Rewards? Learning is the reward.

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I’m so mean in class. It is rare I give a school reward point or much praise. I keep it for special things; really special things.

It’s partly to do with expectations. Mine are high. Therefore to exceed these is exceptional and it is when I may respond with a superlative or reward point.

So how are my students motivated if I don’t reward them? The answer is ‘learning’; learning is the reward.

Research suggests that extrinsic rewards aren’t that effective to motivate in the way we want our students to be motivated. I briefly summarised this in this blog.

I want my students to have intrinsic motivation. I think most do. I don’t really know how it happens though. I teach them stuff, they learn it, they enjoy it, they want more and the cycle continues.

My teaching is not exciting. I don’t plan fancy lessons. They aren’t very creative.

One thing is that learning is organised. Students know what they’re learning and how it fits in on the whole scheme. At GCSE it is physically organised. Their folders reflect the course and its structure. In this, they can see completion and are motivated by a sense of accomplishment.

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Another motivation is that I teach to the top. In every lesson, every child can achieve the ‘highest’ level. I don’t stop this by ‘differentiated worksheets’ targeting each level. They all do the same. At GCSE they either have shown me they’ve included the correct knowledge/skill or they haven’t.


Does it help them learn? I think so. Is it harsh? Probably.

It isn’t personal. It is about one piece of work. It helps them focus. I give them plenty of time to improve and move those ticks left. It then helps next time. 

The feeling of learning is important. Think of when you’ve learnt something interesting or you’ve finally understood something. There is an internal buzz we get from learning. If the buzz is experienced and is accessible, it is enough to motivate.

We do need to be careful though. There are false buzzes out there; placebos. They feel like the learning buzz but are short term and are non-transferable. If a teacher gives a kid a sweet for something a short term extrinsic buzz may occur but it isn’t authentic. It has to be intrinsic; enough to make them put in the effort to do it again. Authentic buzzes cannot be achieved if the work is…

  • Too easy
  • Too difficult
  • Rewarded at the wrong stage

Authentic buzzes are overall better for the teacher and learner. For a start they’re cheaper. But they are also buzzes for life. There won’t always be someone there dishing out the sweets for doing something well or for learning. Training students to be pleased with themselves is the bigger reward.

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Which of these have an authentic buzz?

This is why learning must be about them as an individual. Competition is one thing but if you’re always at the ‘bottom’ or the ‘top’ there is no competition; it’s boring or even worse demotivating. A student (and their teacher) that can follow their own personal trajectory will feel more accomplished and thus more motivated. The competition is between you and yourself.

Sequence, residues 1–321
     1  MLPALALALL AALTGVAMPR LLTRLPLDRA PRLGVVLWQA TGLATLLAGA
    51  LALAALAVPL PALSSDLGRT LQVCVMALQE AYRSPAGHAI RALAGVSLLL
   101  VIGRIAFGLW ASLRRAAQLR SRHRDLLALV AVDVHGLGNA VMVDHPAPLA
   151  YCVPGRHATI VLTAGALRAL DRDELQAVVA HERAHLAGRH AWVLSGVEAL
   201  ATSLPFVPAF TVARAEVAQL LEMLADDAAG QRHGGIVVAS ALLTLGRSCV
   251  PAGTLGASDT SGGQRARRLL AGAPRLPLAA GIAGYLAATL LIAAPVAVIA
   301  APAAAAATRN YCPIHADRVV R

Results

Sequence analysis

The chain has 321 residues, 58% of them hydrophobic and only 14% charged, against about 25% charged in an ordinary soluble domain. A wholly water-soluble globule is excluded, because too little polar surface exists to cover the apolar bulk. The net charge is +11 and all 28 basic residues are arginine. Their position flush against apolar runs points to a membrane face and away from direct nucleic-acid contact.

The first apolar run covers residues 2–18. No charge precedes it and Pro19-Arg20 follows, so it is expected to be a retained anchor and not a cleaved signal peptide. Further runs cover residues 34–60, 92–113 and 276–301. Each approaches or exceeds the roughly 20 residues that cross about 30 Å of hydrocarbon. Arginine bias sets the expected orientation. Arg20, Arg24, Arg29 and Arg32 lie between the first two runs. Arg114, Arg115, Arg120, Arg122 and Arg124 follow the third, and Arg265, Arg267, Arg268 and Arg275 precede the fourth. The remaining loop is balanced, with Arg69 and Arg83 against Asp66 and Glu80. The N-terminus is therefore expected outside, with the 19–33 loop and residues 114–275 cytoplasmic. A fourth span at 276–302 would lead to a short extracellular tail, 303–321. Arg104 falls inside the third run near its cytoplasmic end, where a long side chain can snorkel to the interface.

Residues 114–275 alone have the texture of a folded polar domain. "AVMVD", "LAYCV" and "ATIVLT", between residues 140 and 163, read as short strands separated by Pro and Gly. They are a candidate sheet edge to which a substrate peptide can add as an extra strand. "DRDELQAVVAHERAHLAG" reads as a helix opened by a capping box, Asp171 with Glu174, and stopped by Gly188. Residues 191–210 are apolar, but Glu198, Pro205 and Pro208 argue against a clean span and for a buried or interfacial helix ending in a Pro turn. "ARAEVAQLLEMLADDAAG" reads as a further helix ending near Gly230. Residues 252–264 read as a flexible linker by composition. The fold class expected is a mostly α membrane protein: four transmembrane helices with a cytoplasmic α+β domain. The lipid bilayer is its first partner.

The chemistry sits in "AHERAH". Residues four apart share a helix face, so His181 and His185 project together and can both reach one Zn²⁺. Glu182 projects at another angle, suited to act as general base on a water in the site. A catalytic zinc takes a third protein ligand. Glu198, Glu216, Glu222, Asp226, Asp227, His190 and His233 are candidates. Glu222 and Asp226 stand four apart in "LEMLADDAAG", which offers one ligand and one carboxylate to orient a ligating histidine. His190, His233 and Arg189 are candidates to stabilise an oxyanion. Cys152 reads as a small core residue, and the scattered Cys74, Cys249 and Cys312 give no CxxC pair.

How I use testing with my classes supports learning but it also create the sense of ‘it’s me against me’. The year I didn’t use grades was great because the buzz didn’t come from a grade or mark but from doing better than last time. Students can see and feel their learning  through what they’ve improved on. They feel the buzz.

Don’t be fooled into thinking that learning should only be about what is ‘relevant’ and applicable to students’ everyday lives. If you genuinely think school is just about preparing for skills needed in life, get your lesson plans ready for changing light bulbs and cleaning toilets. This is not what creates intrinsic motivation. We know it’s not as if you’ve ever taught year 10/11s about writing a CV they won’t all suddenly do it really well because it ‘matters’. Kids aren’t just interested in what they ‘need’ and learning shouldn’t only be about this. (I taught my year 9s about the Fall & Original sin this week-see picture at top. Motivation for learning wasn’t just about the willies and boobs.)

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There’s limited motivation in teaching how to change a light bulb.

Too many people think that their own syllabus is ‘bad’ because kids don’t need to know this stuff and won’t use it when they’re older. Intrinsic learning goes beyond this.
I love teaching. I love teaching my subject. Most of it is deeply fascinating. I share this with them. They enjoy it, they learn. Imagine being taught by someone who isn’t excited by the subject who thinks you don’t really need to know it and thinks it’s dry and boring. Three words; self, fulfilling, prophecy.

How do I know this all works? The quietest kids’ mum comes to parents’ evening. She tells me her daughter loves RS and she talks about it at home. That’s intrinsic. You can’t talk about a sweet for very long. 

Overall I think this has implications for whole school reward systems. I have spent hours in leadership meetings discussing systems and their potential costs/benefits. However I wonder, if we were to work on what is happening in classrooms (yet again I’ve already blogged on this), we could save schools ££ each year by ditching whole school rewards and focussing on intrinsic motivation and a true love of learning.

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